Denmark's Copenhagen Kastrup Airport announced (13-Jun-2013) the partial opening of the airport's refurbished and expanded terminal two. The DKK540 million (USD96.67 million) project took 12 months to complete and increased the terminal's area by 1400sqm, including the installation of 12 check-in desks and 16 check-in kiosks. A new baggage system was also installed. The terminal will open fully in 2016. Copenhagen Kastrup Airport CEO Thomas Woldbye said: "Copenhagen Airport is growing, and to accommodate that growth we needed to create significantly more room for passengers and airlines and increase our capacity with additional space and new check-in desks. At the same time, we have upgraded our baggage system to handle the up to 30 million passengers we expect to welcome annually in the future. Overall, this will give airlines, handling companies and passengers a better product because everything from check-in to baggage drop and baggage sorting will become easier." [more - original PR] [more - original PR - Danish]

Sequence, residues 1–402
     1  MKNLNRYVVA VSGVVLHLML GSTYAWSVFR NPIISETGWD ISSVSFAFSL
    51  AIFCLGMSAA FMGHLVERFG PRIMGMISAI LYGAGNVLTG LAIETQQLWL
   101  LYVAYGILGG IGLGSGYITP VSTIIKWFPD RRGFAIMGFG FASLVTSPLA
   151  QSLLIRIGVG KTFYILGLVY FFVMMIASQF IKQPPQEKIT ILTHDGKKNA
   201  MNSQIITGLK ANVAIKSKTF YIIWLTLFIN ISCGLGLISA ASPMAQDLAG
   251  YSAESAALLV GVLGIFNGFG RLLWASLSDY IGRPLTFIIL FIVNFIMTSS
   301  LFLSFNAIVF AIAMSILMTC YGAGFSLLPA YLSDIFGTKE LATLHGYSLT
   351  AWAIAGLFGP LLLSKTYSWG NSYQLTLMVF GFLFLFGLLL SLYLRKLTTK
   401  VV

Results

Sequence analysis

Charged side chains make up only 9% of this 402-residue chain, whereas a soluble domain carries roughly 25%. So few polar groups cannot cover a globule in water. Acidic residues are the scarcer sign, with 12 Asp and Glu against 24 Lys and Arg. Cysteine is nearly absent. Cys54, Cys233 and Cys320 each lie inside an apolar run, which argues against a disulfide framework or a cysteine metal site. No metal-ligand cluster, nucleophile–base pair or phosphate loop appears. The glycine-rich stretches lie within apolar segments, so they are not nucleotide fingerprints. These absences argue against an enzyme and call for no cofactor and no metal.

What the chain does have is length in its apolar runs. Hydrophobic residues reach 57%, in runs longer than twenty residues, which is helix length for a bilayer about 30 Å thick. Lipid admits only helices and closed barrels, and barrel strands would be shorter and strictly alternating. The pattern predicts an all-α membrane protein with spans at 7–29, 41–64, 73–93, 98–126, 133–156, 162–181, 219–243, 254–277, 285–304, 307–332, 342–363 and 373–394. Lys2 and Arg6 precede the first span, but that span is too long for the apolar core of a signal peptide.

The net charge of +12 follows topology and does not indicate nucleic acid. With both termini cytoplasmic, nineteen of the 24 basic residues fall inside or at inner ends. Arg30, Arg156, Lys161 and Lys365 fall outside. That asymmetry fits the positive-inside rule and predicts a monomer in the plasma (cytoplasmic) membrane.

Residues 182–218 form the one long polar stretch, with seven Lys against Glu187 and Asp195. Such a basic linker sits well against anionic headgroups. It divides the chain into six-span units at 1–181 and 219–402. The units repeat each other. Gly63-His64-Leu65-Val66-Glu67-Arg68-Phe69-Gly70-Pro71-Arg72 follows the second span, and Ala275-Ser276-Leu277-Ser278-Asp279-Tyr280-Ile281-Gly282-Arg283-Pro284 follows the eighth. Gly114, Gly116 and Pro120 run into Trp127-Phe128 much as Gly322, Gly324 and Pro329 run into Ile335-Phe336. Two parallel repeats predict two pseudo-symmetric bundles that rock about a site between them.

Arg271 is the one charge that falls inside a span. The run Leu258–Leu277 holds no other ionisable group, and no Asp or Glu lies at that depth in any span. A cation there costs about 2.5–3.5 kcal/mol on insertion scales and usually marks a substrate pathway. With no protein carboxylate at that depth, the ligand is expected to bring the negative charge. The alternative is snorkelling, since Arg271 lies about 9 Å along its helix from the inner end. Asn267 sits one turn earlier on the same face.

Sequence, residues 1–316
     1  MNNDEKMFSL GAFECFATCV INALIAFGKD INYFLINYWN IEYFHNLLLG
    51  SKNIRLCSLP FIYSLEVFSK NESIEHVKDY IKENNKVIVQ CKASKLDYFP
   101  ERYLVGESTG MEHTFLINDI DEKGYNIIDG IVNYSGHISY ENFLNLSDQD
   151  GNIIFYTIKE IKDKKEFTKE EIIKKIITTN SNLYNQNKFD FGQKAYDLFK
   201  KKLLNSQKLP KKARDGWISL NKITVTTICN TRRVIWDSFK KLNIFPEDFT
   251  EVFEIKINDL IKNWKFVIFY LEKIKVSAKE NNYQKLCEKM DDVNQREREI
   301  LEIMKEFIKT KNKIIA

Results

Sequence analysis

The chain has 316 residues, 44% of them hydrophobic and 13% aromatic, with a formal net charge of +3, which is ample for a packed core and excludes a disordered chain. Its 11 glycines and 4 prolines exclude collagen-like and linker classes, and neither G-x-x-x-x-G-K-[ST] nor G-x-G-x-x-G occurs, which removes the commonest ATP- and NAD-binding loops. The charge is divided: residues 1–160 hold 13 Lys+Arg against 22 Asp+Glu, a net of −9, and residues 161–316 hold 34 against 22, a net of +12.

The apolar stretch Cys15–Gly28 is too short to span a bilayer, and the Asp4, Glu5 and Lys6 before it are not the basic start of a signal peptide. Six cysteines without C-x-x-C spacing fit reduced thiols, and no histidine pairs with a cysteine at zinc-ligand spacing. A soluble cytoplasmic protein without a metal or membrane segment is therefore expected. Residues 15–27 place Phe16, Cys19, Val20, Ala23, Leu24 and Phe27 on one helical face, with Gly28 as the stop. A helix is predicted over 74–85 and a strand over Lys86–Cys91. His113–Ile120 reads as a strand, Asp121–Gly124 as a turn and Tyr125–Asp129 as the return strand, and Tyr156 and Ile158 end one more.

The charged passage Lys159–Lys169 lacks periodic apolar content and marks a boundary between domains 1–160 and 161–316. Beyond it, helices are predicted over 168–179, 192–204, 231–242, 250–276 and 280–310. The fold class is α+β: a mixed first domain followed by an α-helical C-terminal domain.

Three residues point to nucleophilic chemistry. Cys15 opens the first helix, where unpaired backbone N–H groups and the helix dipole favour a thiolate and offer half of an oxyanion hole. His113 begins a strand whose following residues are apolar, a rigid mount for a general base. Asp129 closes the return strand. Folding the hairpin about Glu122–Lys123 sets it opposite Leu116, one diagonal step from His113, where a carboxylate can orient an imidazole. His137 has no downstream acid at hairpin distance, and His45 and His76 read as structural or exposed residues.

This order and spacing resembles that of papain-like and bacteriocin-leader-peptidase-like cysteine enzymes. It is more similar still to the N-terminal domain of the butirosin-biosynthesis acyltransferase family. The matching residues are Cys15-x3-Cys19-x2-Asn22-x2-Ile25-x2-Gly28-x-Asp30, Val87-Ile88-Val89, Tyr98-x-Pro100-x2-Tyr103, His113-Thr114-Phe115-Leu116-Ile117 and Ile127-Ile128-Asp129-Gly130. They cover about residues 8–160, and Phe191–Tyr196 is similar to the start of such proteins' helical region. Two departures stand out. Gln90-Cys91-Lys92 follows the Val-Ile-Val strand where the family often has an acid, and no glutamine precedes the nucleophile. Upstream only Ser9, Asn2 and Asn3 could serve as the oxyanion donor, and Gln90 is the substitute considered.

Copenhagen Kastrup Airport T2 reopens following refurbishment
You may also be interested in the following articles...
Airports - subject as always to the vicarious uncertainty of airline fortunes
CAPA’s 2016 outlook was against a background of unusually high levels of profitability for airlines.
Airport pairs: Western Europe-US shows the value of open skies as routes and new entry proliferate
For Western Europe there is no bigger long haul market than North America. In terms of the number of airport pairs between the countries of Western Europe and long haul destination countries, connectivity to the United States dominates. There are more direct routes between Western Europe and the US than there are between Western Europe and the whole of Asia Pacific.
This report presents high level data on the numbers of airport pairs between each Western European country and the US and how these number have changed. EU-US liberalisation in 2008 has stimulated growth in the number of direct connections, although the global economic downturn impeded this for a while. However, the additional routes have not been spread evenly across Western European countries.
Since 2010, additional route numbers from Western Europe to the US have been greatest from the largest markets – the UK and the US – and from the smaller countries, particularly Ireland, Iceland and Norway. Countries in between, including France, Italy, Spain and the Netherlands, have hardly added any new US routes at all.